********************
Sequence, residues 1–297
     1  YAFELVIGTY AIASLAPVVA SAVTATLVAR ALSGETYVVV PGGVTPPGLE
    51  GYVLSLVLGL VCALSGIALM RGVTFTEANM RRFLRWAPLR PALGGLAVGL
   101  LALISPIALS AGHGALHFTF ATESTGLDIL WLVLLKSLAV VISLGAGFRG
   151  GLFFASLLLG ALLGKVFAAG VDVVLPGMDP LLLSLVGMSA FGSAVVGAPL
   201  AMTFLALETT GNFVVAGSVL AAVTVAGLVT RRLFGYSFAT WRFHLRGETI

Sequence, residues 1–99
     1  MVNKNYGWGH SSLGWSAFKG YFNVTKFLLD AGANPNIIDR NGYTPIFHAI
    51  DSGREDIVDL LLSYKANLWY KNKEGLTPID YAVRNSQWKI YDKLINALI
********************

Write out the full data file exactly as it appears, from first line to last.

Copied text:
Sequence, residues 1–297
     1  YAFELVIGTY AIASLAPVVA SAVTATLVAR ALSGETYVVV PGGVTPPGLE
    51  GYVLSLVLGL VCALSGIALM RGVTFTEANM RRFLRWAPLR PALGGLAVGL
   101  LALISPIALS AGHGALHFTF ATESTGLDIL WLVLLKSLAV VISLGAGFRG
   151  GLFFASLLLG ALLGKVFAAG VDVVLPGMDP LLLSLVGMSA FGSAVVGAPL
   201  AMTFLALETT GNFVVAGSVL AAVTVAGLVT RRLFGYSFAT WRFHLRGETI

Sequence, residues 1–99
     1  MVNKNYGWGH SSLGWSAFKG YFNVTKFLLD AGANPNIIDR NGYTPIFHAI
    51  DSGREDIVDL LLSYKANLWY KNKEGLTPID YAVRNSQWKI YDKLINALI